This process requires an exorbitant amount of trust. Companies compensate for trust between employees and for executives financially, but Spectator does not have that luxury. Spectator’s leaders dedicate time to understanding the personal and professional goals of those they work with—just as their leaders did—to help their staff overcome the emotional and physical fatigue that is bound to occur at some point. Developing that relationship with your peers, all of whom are eager to learn and build upon a powerful organization, is what spurs an unmatchable camaraderie.
Arguably, I’m still arrogant and na?ve to prattle on about the importance of a management structure as a 21-year-old. But as a result of this peer-to-peer structure, under which blind faith and mutual trust spur innovation, I have experienced the best moments of my life thus far. To current and future Speccies: Embrace the absurdity. Approach challenging or seemingly impossible situations with an initial blind faith, and earn the trust of your peers to accomplish ambitious endeavors.
As I enter the real-world, one ripe with innumerable uncertainties, I hope to start again with a bit of blind faith, knowing not where it will lead me but that I will grow.
CB 143: Katherine and Rahil, I can’t think of two people who further defined my college experience. Katherine, through your grit and poise, you led this organization to strive for excellence and its people to empathize with one another. You have taught me the importance of authenticity and honesty, and your friendship has made me a better person for it. Rahil, I am thankful that you were one of my first friends at Columbia. Very few people have the luxury of working with their closest friends, and I was incredibly lucky to transform Spectator for the better with you. Your ability to ground everyone and help people understand what truly makes them happy is admirable, and I can say that I am more confident in what I want for my life because of you. Thank you both for these past few years of constant learning, growth, and friendship. Here’s to decades more.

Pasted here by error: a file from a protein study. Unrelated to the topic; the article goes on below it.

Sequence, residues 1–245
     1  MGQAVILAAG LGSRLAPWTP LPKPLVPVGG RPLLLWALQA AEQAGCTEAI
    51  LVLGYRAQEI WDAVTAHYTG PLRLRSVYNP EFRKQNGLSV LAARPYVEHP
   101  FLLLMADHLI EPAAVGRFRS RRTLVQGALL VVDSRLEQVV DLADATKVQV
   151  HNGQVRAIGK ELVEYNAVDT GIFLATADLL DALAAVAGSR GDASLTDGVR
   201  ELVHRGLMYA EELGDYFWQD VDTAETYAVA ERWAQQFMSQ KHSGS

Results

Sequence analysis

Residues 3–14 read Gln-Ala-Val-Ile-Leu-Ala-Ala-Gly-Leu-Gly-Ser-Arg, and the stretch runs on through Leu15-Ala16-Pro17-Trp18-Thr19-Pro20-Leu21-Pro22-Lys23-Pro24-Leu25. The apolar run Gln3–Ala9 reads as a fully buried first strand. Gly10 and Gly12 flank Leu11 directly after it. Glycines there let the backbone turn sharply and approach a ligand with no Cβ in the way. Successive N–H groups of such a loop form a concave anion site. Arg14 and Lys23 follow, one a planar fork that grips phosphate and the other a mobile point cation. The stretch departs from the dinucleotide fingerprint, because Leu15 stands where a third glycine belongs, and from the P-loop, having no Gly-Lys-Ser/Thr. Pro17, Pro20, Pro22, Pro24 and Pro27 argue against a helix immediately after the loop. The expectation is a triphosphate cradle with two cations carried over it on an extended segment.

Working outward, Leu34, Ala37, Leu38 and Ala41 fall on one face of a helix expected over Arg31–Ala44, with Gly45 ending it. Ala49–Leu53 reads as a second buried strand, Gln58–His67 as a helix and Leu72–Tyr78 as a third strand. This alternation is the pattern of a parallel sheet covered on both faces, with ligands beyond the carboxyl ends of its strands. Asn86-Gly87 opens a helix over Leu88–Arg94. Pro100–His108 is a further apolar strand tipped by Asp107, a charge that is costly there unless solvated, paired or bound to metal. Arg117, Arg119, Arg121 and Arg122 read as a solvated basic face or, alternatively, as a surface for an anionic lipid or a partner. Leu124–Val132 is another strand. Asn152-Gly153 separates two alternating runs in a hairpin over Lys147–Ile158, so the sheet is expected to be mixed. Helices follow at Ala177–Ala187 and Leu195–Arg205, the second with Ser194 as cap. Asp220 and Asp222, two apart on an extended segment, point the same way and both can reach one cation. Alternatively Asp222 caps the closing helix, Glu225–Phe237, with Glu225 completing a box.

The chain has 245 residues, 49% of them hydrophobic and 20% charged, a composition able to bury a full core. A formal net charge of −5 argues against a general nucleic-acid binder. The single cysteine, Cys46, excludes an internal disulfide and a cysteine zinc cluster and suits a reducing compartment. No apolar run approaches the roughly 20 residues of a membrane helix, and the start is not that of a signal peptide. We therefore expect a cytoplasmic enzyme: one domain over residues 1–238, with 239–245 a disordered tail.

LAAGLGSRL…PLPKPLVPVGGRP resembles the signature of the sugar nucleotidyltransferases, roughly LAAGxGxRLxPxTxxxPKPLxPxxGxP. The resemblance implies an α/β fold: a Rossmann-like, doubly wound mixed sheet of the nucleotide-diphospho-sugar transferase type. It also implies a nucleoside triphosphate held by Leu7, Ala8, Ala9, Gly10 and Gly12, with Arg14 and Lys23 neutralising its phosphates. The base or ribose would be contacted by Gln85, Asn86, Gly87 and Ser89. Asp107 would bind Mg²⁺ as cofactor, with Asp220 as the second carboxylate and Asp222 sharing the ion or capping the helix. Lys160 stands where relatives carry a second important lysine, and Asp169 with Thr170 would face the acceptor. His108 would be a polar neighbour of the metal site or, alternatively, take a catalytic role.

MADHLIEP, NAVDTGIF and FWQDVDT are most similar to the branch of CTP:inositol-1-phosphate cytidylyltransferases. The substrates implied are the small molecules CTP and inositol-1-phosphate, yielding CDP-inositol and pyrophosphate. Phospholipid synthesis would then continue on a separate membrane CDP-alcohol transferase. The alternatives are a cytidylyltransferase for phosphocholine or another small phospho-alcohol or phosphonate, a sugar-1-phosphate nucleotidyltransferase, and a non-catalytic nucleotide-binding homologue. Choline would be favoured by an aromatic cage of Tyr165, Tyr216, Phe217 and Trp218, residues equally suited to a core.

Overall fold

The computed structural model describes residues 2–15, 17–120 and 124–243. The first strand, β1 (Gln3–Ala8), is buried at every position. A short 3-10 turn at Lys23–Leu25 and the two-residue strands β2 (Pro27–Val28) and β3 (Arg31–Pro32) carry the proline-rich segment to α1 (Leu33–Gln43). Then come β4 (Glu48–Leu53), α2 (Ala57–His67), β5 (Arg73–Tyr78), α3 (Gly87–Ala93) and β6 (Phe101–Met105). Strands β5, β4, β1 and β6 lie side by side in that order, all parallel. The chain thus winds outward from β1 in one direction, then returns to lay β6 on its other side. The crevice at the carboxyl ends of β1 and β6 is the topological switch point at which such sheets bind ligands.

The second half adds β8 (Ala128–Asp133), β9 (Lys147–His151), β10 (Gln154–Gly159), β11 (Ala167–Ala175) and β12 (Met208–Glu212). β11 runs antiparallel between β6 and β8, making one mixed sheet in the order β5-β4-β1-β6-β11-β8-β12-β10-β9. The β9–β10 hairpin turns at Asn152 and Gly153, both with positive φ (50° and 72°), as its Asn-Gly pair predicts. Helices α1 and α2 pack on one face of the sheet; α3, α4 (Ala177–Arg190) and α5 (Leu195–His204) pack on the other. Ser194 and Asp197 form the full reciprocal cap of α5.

Michael, Caroline, Daniel, and Tai: I appreciate you for defining my Spectator experience and bolstering my capacity to succeed in life through your unwavering mentorship. Michael, your ability to inspire others to be the best version of themselves is unparalleled. Thank you for serving as a goalpost that I can constantly strive toward. I cannot thank you enough for your guidance, tough love, and confidence in me. Caroline, thank you for being the first person to see potential in me and for always being the person I could turn to when I felt lost. Your wisdom always rings true, and I appreciate you immensely for it. Daniel, the first words you said to me have still stuck, that learning from Spec does not end even when Spec does. Tai, thank you for never giving up on this na?ve idiot. You have taught me so much, whether it was how to structure and communicate my thoughts or identify what matters to me.